Is it a matter of potential life and death in which only police can save the day? If it isn't, you should really think three times before calling them. Utah man Mark Byrge has learned this lesson.
William Grigg tells the whole sad story at the Freedom in Our Time blog.
Byrge, driving a delivery truck, back in 2012 hit a tree branch protruding in the road; he reported the non-injury incident, involving only his vehicle, to the police. Who arrested him for an outstanding warrant on a previous traffic issue. When he asked them to cuff him in front because he had a very expensive and important medical device implant in his back, a Spinal Cord Stimulator, they refused.
Because of what Byrge insists–and which his wife, who overheard some of the actions on his live cell phone, corroborates–was pointless rough treatment from Officer Andrice Gianfelice, he ended up cuffed in back, slammed into the back of a police car, and then wrestled to the ground later in front of a hospital with Gianfelice's knee pressing into the place in his spine the device was implanted.
At the end of the experience, the device was ruined.
Why did Byrge have that device? Details from Grigg's blog:
The SCS was designed to send electrical impulses along Mark's spine in order to neutralize pain receptors. This allowed him to ramp down his dosages of narcotic prescription pain medications. This, in turn, is what made it possible for him to run his courier delivery business, which required both the physical capacity to load and unload cargo, and the mental acuity to drive his truck and fill out paperwork. Without the stimulator, Mark would either be too crippled to lift, or too doped-up to focus.
Subsequent medical scans of his stimulator documented that it went inactive on April 18, 2012 – the day that Officer Gianfelice, after arrogantly dismissing Mark's entirely reasonable request to be cuffed in the front, shoved him against the rear seat of his police cruiser.
What's life like for Byrge after he made the terrible error of calling the police?
Since that incident, "the patient's pain as gotten worse and his right leg is now showing signs of possible Complex Regional Pain Syndrome," observed Gary Child of the Utah Pain Relief Center in April 2013. CRPS is a serious degenerative condition that has left Mark unable to work – and is rapidly depriving him of the ability to walk.
Mark is a 43-year-old former football player and wrestler with a compact, muscular build and low center of gravity. He walks with the assistance of a cane as his right leg atrophies. Dark striations are inscribed in his right foot, ankle, and shin. His toes are splayed at wild angles owing to involuntary muscle contractions and spasms that convulse his right leg without warning or relief.
His body slowing cutting off circulation to his lower extremity "as if it is trying to break off my foot," Mark explained to me. CRP Syndrome can lead to other severe complications, including major organ failure.
After complaining through channels, Byrge found local police in American Fork, Utah, strangely unhelpful, and even claims to have had a threatening visit to his home by a local cop encouraging him to forget the whole thing.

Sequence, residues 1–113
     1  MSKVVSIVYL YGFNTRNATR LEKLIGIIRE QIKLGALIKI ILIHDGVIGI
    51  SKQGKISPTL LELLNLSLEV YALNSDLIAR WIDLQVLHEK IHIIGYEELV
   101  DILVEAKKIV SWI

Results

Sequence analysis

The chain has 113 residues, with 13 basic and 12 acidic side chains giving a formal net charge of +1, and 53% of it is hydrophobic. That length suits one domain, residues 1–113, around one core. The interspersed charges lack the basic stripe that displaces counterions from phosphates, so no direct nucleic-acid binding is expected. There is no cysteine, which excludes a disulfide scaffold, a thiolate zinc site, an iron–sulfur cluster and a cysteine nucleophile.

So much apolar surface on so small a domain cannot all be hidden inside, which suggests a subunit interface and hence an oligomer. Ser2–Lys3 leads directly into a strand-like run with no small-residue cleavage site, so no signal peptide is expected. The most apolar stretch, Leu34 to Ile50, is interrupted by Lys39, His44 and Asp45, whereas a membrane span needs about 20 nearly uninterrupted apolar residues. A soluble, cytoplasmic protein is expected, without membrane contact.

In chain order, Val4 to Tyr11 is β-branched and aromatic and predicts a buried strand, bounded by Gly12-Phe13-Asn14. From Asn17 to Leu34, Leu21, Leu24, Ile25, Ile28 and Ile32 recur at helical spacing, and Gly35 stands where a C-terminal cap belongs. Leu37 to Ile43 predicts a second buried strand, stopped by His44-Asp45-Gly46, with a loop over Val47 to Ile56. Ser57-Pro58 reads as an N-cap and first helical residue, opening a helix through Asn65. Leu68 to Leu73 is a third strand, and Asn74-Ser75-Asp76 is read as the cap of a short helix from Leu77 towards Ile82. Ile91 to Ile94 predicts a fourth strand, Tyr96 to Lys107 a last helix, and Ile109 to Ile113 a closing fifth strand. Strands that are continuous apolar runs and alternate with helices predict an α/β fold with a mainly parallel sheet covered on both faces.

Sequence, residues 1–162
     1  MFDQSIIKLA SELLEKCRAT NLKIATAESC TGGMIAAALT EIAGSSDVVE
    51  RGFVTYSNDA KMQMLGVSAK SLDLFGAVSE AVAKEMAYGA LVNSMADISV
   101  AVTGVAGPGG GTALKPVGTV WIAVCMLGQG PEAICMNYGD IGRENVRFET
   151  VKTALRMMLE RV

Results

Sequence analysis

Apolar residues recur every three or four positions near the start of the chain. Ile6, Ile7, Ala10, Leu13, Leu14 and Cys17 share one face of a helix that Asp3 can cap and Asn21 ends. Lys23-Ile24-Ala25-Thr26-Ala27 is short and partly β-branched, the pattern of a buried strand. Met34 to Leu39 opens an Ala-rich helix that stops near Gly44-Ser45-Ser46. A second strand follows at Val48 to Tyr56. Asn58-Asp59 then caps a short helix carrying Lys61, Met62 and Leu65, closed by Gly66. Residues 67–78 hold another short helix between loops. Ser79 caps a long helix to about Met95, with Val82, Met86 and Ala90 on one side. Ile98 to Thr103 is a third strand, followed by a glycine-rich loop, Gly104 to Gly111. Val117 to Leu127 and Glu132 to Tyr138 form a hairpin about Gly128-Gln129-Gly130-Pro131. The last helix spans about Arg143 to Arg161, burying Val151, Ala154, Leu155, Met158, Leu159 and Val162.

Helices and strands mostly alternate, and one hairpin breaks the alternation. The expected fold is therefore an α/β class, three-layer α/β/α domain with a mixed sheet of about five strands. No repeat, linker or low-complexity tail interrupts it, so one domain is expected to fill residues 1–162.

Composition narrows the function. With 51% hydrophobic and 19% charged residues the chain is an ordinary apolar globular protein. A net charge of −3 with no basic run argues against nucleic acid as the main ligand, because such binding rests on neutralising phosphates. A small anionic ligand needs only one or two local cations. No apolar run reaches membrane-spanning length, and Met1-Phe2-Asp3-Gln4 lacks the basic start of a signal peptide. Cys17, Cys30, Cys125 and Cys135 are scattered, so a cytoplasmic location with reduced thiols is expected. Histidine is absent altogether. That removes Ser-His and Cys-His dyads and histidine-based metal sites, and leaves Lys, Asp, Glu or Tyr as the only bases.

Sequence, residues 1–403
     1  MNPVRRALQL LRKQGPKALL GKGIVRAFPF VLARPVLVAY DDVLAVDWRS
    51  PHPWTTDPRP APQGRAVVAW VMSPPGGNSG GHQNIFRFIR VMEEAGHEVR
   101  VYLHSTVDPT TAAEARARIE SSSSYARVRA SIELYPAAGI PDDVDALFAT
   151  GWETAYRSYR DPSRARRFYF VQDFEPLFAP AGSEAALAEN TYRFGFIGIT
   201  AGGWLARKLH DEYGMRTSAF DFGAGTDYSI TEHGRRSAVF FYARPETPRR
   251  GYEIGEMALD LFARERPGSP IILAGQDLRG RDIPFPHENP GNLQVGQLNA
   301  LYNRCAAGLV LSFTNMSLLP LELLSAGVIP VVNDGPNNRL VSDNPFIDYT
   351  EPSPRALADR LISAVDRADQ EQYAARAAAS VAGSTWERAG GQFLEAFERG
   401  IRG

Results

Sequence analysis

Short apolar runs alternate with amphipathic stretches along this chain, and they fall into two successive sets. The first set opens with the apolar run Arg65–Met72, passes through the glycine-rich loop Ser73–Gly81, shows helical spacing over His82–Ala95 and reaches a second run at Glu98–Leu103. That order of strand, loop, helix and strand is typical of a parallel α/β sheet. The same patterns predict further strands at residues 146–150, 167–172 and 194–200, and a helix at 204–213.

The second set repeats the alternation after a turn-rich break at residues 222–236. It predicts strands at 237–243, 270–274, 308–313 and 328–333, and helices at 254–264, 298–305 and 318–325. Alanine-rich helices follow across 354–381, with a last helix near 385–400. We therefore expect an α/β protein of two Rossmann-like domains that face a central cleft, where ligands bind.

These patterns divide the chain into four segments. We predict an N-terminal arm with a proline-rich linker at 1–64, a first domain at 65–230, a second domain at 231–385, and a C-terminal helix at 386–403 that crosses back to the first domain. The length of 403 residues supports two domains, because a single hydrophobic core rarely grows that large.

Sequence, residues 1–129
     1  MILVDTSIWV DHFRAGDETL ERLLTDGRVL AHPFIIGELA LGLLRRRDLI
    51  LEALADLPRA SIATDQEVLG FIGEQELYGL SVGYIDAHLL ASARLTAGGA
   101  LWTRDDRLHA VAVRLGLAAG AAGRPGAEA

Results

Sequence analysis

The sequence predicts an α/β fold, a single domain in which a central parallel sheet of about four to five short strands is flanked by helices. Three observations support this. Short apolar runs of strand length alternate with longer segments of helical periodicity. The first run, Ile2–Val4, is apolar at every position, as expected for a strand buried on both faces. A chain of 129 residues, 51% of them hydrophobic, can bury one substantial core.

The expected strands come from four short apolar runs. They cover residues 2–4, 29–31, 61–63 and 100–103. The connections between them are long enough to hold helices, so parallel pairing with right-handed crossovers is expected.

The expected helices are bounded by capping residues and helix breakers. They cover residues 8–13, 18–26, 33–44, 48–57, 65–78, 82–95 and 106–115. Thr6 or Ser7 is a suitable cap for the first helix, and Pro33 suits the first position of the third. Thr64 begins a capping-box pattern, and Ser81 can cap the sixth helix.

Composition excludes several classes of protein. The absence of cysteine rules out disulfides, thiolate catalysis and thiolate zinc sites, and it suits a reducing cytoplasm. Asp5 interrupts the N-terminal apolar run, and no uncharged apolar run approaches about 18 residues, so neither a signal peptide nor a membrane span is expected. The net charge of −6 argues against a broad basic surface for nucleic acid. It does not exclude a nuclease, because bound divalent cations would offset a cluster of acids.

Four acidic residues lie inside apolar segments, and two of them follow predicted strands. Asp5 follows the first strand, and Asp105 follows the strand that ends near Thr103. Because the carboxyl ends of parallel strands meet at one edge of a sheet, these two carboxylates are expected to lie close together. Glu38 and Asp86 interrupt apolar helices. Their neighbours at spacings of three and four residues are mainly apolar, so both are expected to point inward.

By wild coincidence, although every officer in that town is supposed to be equipped with uniform video cameras, nothing that happened with Byrge that day was recorded by them.
And how did complaining do? From Grigg's blog:
As Mark attempted, unsuccessfully, to recover from the trauma inflicted on him by Officer Gianfelice, he filed complaints with the American Fork Police Department. He collected witness statements from several people who had been on the scene, as well as his wife and brother, who had overheard the incident over the open cell phone connection. He assembled statements from health care professionals about the damage done to him by Gianfelice's assault. When the AFPD didn't respond, Mark took his evidence to the Utah County Sheriff's Office.
Mark's persistence didn't endear him to AFPD Chief Lance Call.
"You've run to every agency on the Wasatch Front," groused Call when Mark contacted him to demand that action be taken against Gianfelice. "I already investigated it – and I cleared the officer."
"You didn't talk to any of the witnesses or review any of my evidence," Mark plaintively replied. "How can you `clear' him just by reviewing his side of the story?"
"I told you `no'!" Call responded, hanging up…..
The official inquiry, which was conducted by Sgt. Scott R. Finch of the Utah County Sheriff's Office, was the typical preordained exercise in validation. In his interview with Finch, Gianfelice repeatedly claimed that he "could not recall," "could not remember," or "could not recall from memory" several critical details of the incident.
Byrge is still fighting over the incident:
Fully disabled and unable to make a living, Mark is pursuing a civil rights case against the AFPD. He is also a candidate for the Utah State Legislature.
"My campaign is going to focus entirely on abuse of power by public officials, especially the police," Mark told me. "I'm in constant pain, and my body is literally devouring itself. I want to do anything I can to prevent this from happening to somebody else."
Meanwhile, the assailant who left Mark an invalid, Andres Gianfelice, is receiving a salary of $83,682 a year as part of a 33-officer force patrolling a city of 21,000 people with a negligible violent crime rate. ….